What sort of advice would you give to an atheist whose fundamentalist 13-year-old daughter is upset at belief that her father is going to hell? If you’re Salon’s advice columnist, Cary Tennis, you give the worst advice possible.
Her problem is not that she believes in God. It’s that she believes you are going to burn in hell when you die. It’s her concern for you, and her fear for you, that are the problem. She wants to believe otherwise but has no solid grounds on which to place any hope. If you go to church with her, you will make it possible for her to believe that there is at least a chance that you will not burn in hell.
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But don’t just go to church with her. Meet with one of the officials. That’s right, wander right down on to the field and speak with one of the guys in the striped shirts. Or whatever they wear. Arrange a private conference. In this private conference, you can say whatever you like. It doesn’t matter really. It might be a good conversation or it might be utterly ridiculous. But show your daughter that you are willing to engage with one of the people she respects. Show her that you have enough humility and independence of spirit to engage, that you are not fearful or dogmatic or close-minded.
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Once you have done this, and conversed with an official, you might be able to confidently tell your daughter, without going into specifics, that you think everything is going to be OK, eternal-life-wise. She would probably appreciate that.
In other words, lie to your kid and help validate her beliefs that everything you stand for is against the wishes of God. The problem here is that the daughter’s view of religion is a choice between “friendly people who say daddy’s going to Hell” and “sleeping in on Sunday”. If you want your daughter to respect your beliefs, you should start by making your two weekends a month count for something.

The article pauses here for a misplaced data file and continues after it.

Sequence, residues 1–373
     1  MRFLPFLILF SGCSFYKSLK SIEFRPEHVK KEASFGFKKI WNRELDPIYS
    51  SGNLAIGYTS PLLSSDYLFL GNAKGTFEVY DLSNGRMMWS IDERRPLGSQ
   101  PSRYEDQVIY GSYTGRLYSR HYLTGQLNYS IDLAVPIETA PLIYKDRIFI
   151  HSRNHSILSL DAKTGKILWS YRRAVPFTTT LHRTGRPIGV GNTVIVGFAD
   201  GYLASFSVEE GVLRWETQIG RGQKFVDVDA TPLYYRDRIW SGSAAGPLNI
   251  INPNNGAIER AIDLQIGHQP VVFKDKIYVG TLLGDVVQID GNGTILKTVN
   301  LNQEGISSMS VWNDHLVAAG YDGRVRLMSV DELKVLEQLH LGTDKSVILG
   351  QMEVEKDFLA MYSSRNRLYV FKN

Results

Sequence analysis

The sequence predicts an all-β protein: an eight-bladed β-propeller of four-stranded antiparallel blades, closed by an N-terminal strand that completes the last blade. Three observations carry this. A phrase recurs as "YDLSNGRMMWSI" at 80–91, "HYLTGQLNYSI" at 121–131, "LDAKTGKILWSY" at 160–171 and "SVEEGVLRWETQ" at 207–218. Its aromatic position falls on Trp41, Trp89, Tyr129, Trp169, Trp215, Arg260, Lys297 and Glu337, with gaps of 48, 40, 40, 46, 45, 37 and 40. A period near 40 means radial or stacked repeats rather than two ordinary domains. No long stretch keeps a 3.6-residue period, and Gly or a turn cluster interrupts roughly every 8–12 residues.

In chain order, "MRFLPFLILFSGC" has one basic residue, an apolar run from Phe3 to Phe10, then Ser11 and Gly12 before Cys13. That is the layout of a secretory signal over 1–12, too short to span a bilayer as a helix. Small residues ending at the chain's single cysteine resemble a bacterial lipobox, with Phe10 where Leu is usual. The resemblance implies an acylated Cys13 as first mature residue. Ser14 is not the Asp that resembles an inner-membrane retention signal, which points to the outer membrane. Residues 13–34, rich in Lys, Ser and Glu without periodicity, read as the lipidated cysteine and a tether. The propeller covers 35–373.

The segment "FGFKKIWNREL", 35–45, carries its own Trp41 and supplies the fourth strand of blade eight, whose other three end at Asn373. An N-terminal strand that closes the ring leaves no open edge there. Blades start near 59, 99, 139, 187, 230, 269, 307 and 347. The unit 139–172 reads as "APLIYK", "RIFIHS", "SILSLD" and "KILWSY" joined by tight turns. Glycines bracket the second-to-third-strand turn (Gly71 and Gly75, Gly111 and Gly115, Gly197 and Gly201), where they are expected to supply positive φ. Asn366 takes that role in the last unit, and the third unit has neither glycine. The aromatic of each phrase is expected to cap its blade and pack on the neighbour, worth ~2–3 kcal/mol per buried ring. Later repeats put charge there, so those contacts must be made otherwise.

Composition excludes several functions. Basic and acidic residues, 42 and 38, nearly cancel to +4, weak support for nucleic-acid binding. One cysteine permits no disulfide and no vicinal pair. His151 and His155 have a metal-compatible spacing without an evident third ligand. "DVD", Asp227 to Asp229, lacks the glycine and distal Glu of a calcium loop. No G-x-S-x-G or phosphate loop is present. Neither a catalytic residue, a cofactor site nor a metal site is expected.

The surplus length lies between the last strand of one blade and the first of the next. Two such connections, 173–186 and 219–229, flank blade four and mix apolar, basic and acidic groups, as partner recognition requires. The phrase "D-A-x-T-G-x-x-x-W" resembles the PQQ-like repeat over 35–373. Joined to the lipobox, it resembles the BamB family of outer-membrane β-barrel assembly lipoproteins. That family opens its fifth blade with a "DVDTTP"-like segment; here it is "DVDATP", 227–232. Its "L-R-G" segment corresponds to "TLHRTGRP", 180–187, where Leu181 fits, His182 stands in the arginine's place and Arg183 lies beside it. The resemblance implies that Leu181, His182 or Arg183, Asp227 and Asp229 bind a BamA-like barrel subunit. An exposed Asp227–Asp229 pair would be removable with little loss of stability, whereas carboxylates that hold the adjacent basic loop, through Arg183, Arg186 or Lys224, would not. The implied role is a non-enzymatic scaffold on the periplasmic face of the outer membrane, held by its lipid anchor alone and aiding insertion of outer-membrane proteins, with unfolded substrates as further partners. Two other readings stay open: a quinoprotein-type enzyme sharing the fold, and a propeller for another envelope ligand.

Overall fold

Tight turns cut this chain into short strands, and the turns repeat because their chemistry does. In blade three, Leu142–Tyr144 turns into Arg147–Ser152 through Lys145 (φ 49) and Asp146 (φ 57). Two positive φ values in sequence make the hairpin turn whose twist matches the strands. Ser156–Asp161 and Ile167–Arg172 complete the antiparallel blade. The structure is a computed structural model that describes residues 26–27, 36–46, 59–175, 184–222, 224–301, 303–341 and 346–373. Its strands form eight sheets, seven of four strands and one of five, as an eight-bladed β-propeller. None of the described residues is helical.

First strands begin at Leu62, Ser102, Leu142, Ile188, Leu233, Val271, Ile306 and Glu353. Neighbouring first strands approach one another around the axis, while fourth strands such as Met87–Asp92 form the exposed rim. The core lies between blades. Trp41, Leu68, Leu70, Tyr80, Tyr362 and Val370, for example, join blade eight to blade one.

When she’s with her mom, let her go to the fundie church where they tell her gay people are sinners, the Earth is 6000 years old, and stem cells are babies. When she’s with her dad, rather than argue about the merits of her religion (which is a waste of time), use the opportunity to broaden her religious horizons. Start by taking her to Catholic, Baptist, Presbyterian, Zionist, and Lutheran churches to experience different flavors of Christianity. From there, broaden her horizons even more with trips to Jewish synagogue, Islamic mosques, and Hindu temples. Show your daughter that there’s a broad spectrum of religious belief, not just a choice between religious extremism and no faith at all.
When you visit different houses of worship, don’t just sit there passively and let the words go in one ear and out the other. Ask for a meeting with someone there to ask questions about their beliefs. Encourage your daughter to ask questions too. Hang around in the lobby after the service and mingle with people. Not only should your daughter experience how other religions worship, but she needs to learn firsthand that one doesn’t need to be a fundamentalist to be kind-hearted person.
After you’ve given your daughter a worthwhile religious education, encourage her to find her own path. If she still decides to be a fundamentalist, then respect that decision, but with the insistence that your beliefs deserve respect as well.